With others, the cursor pegs once you hit the side of the screen. Within the screen, you’re moving in a fixed frame; once you leave the screen, the cursor stops moving at the edge and you’re dragging the frame around. So by moving the remote to point to the wall – let’s say it’s to the left of the TV, the system is reorienting its coordinates. Once you stop and move to the right again, the cursor will now behave as if you were pointing at the screen – until you go so far to the right that you go off-screen on the right side, at which point the frame gets dragged back to the right again.
And this is where the debate, such as it is, lives. Hillcrest Labs, as a matter of policy and almost of religion (except that they have some actual facts and evidence to back up their position), believes strongly (“strongly” may not be strong enough) in the value of relative pointing because, in the end, it’s more comfortable. It does take a slight bit of training for a novice to get used to the re-centering concept, but that happens fast.
But I came to this topic via an announcement from Movea saying that they had released an absolute pointing system. When I contacted them, it was simply to learn more about what this meant. But I came away with the distinct sense that there were differing views, which is why I dug in more.
I should pause for anyone here that isn’t familiar with these two companies. Both Hillcrest Labs and Movea are sensor-agnostic sensor fusion companies (i.e., they don’t make their own sensors and their algorithms aren’t tied to any specific brand of sensor), and much of their business seems to be in remote controls. So they’re both deeply embedded in this space. They’re not the only sensor fusion guys around, but they somehow seem like natural competitors in the way that Altera and Xilinx are.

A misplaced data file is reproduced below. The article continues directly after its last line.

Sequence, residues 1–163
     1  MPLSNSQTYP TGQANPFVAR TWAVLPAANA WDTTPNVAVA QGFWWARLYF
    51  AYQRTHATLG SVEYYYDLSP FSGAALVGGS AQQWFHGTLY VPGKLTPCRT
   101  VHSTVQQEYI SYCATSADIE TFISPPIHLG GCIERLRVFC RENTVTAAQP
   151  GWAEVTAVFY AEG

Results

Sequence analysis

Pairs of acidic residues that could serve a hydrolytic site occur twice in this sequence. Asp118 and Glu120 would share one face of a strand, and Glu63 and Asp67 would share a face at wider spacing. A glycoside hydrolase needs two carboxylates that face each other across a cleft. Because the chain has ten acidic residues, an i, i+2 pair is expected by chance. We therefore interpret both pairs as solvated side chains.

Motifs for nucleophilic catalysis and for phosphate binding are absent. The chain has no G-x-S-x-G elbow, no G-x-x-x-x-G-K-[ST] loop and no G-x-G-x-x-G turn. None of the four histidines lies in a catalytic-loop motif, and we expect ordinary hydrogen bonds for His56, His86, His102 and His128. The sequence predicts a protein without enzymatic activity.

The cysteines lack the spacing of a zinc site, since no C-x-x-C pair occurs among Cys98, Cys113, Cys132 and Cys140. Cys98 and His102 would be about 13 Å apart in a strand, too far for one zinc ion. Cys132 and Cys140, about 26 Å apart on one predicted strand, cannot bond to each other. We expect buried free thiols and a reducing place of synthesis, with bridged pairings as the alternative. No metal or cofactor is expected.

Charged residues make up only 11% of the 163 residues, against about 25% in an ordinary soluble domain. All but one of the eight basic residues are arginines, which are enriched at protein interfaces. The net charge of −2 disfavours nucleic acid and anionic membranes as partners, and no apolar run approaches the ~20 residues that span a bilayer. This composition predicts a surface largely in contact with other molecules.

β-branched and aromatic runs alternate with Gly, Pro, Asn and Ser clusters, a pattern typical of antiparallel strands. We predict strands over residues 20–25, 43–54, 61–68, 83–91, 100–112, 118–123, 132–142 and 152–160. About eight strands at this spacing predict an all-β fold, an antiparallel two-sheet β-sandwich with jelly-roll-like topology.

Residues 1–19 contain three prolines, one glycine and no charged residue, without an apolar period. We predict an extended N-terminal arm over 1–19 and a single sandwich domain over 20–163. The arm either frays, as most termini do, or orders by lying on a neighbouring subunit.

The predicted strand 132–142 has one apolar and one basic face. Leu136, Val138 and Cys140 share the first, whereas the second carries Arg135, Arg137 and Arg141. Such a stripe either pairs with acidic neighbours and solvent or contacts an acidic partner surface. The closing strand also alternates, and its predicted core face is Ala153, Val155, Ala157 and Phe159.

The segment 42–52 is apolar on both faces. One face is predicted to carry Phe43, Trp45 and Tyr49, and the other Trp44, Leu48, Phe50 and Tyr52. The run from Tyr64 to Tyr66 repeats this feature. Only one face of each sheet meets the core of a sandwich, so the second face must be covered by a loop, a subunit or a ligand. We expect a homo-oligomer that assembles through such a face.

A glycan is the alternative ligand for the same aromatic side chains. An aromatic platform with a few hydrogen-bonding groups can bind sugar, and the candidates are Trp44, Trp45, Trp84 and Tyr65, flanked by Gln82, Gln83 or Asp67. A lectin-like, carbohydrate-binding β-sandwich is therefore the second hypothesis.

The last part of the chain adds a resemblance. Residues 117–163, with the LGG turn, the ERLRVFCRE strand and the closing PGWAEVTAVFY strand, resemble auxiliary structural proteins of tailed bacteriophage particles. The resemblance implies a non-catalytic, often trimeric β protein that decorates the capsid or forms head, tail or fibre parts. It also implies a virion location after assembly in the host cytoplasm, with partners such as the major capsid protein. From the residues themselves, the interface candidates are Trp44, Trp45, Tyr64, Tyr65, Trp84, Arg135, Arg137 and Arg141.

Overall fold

Given that Hillcrest likes relative and Movea just announced absolute, you might think that they’re on opposite sides of this debate. But Movea agrees that, for casual TV watching and such, a relative pointing system is preferable. So there’s no apparent disagreement here.
Where things get a bit (but only a bit) more heated is when it comes to gaming. For intense gaming, the re-centering thing can be distracting. Let’s say you cock your shotgun in a first-person-shooter game. You do that by flexing your wrist up and back. But for a second there, you pointed out of frame, so the frame got moved slightly: you need to re-center.
Or let’s say you use your remote* hand to wipe the sweat from your brow (the other hand having the higher-priority task of holding your beer); then, for a second, your remote is pointing… who knows where. So the first thing you need to do once that hard-earned perspiration has been dabbed is to re-center. In a fight to the death, such delays and distractions can kill.
But even here, there’s not much disagreement. Movea thinks that absolute can provide a better intense gaming experience (no lolling back on the couch here!); Hillcrest agrees that it’s conceivable that it might. The only practical difference is that Movea has released a product that uses absolute pointing; Hillcrest says that they have the technology internally, but haven’t yet had a product or collaboration that required it.